4/18/2014 9:38:51 AM

Grant to Help Faculty, Students Pursue New Chemical Research

Friday, August 30, 2013

We need fast, accurate sensors to tell us precisely what chemicals are present in our environment and two Siena College professors are in the process of designing a product that will accomplish that goal.

Jodi O’Donnell, Ph.D., associate professor of chemistry and biochemistry, and Lucas Tucker, Ph.D. assistant professor of chemistry and biochemistry, have received a Multi-Investigator Cottrell College Science Award from one of America’s oldest foundations, the Research Corporation for Science Advancement (RCSA). The Siena College chemists are taking a novel approach to designing and making sensors that change color in the presence of certain chemicals known as chromophoric liquid crystalline chemical sensors.

“Dr. O’Donnell and I were able to design a fascinating project at the cusp of my work with liquid crystalline materials and her experience with sensors that will provide a springboard for our future research directions and, ultimately, our students’ careers,” Tucker said.

The chemists and their undergraduate students at Siena College will be trying to create useful sensors that reveal the presence of various types of volatile organic compounds (VOCs). According to the Environmental Protection Agency, VOCs are emitted by a wide variety of products such as paints and lacquers, paint strippers, cleaning supplies, pesticides, building materials, furnishings and many other items. VOCs have low boiling points, which means their molecules readily evaporate from liquid or solid and enter the surrounding air.

The researchers will be attempting to create VOC sensors by using a class of compounds called porphyrins, which are commonly found in the body. For example, heme, the active site of hemoglobin - a protein in red blood cells that carries oxygen - is a porphyrin.

O’Donnell and Tucker will be working with what are called cholesteric liquid crystalline porphyrins. As early as the 1880s, researchers noticed that cholesteric substances changed colors as they cooled or were exposed to external stimuli. The color changes occur because temperature affects the crystal-like nature of the molecules, altering the way they bend light rays in a process called polarization.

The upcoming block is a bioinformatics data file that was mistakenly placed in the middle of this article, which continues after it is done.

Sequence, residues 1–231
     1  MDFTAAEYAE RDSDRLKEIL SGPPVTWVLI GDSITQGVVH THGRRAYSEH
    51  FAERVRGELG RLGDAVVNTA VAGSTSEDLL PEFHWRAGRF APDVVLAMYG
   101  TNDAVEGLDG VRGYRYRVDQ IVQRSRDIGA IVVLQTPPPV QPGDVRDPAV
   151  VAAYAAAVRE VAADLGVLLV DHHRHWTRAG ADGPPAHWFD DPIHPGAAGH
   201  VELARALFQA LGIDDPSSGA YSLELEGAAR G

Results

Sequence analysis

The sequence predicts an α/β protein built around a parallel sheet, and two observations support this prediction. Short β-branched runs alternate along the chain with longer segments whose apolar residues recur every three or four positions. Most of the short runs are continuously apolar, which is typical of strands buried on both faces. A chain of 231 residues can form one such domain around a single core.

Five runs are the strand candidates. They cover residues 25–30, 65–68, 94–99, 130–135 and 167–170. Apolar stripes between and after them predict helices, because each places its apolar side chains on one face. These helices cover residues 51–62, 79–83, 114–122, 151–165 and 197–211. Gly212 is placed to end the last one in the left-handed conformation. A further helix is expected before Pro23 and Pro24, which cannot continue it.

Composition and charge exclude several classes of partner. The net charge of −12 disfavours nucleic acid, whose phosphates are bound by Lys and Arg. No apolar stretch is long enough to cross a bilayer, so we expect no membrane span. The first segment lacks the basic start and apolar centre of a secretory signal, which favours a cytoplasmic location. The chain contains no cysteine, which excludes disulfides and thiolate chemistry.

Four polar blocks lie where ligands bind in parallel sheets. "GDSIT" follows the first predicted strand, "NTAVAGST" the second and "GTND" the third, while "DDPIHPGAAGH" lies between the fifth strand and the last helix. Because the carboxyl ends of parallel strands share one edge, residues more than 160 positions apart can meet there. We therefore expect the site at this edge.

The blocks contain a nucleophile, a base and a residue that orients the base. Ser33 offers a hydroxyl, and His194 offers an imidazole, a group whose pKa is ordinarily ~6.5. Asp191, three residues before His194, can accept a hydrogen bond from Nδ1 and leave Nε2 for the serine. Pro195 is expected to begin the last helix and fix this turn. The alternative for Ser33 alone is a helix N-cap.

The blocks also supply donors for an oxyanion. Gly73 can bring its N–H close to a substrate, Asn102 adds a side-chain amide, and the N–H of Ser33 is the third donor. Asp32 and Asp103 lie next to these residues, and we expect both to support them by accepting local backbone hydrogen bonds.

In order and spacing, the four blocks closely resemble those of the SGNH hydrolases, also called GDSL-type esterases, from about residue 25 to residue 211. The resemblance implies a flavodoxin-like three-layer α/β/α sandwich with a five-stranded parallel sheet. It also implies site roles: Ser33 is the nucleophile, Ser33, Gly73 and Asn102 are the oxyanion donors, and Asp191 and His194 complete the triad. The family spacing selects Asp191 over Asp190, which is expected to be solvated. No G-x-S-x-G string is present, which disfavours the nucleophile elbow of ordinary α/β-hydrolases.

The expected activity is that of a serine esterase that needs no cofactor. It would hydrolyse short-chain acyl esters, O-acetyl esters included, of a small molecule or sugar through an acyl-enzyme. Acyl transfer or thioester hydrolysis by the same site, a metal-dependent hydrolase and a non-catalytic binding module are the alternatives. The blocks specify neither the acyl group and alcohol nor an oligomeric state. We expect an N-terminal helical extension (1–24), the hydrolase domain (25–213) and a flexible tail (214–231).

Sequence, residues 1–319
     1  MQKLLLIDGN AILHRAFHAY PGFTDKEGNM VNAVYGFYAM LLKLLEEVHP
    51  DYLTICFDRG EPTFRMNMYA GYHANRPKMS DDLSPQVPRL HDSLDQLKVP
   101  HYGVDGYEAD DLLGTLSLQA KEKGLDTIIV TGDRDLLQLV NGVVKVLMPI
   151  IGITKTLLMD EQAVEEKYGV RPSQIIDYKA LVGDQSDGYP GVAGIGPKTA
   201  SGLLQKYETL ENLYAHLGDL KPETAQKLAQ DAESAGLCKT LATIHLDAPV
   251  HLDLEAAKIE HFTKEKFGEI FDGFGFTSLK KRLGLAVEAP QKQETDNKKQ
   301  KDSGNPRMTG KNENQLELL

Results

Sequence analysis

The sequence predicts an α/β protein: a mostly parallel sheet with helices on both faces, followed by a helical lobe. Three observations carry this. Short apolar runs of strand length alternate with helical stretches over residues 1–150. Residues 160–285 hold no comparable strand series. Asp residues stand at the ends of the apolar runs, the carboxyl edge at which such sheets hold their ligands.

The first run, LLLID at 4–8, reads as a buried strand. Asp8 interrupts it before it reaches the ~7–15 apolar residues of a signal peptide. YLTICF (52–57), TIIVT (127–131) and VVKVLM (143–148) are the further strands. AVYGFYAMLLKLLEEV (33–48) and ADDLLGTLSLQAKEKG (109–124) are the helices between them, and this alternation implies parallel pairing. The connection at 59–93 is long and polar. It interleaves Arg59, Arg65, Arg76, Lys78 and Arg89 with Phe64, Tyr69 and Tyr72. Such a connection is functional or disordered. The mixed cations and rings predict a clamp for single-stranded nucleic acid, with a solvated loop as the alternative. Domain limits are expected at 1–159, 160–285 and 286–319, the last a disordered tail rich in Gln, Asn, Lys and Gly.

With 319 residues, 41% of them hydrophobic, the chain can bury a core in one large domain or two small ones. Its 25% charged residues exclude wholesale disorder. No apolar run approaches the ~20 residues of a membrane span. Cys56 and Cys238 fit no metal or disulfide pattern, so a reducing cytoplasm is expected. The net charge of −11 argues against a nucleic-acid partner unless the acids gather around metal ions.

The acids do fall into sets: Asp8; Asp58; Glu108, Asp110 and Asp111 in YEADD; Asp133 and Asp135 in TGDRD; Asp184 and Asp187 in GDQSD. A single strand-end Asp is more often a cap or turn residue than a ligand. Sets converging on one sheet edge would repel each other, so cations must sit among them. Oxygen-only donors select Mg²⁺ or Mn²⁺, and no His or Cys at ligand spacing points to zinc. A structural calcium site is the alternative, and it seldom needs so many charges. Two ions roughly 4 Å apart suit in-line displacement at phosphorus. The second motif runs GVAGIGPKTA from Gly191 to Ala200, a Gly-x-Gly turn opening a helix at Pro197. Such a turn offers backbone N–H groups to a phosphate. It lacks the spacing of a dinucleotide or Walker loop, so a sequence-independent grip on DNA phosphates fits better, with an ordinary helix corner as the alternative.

“This grant will support summer research efforts by our undergraduate students. Under our guidance, they will perform the laboratory syntheses and characterization, and will be responsible for device fabrication and sensor testing,” O’Donnell said.

O’Donnell and Tucker received their $75,000 RCSA award under the foundation’s Multiple Investigator Cottrell College Science program. The MI-CCSA program is designed to start sustainable, collaborative programs of research by cross-disciplinary teams of faculty from science departments in primarily undergraduate institutions. In addition to funding research that builds teams of students and faculty, the Multi-Investigator promotes basic research as a vital component of undergraduate education at the nation’s public and private small colleges and universities.

“We hope these awards will help early career faculty establish long-term, sustainable and productive cross-disciplinary research programs,” said RCSA Interim President Jack Pladziewicz. “We also hope that by encouraging student participation in these projects, many undergraduates will be encouraged to pursue careers in science and benefit by working as part of an interdisciplinary research team.”

This year, Siena College was one of four primarily undergraduate institutions to receive this award.


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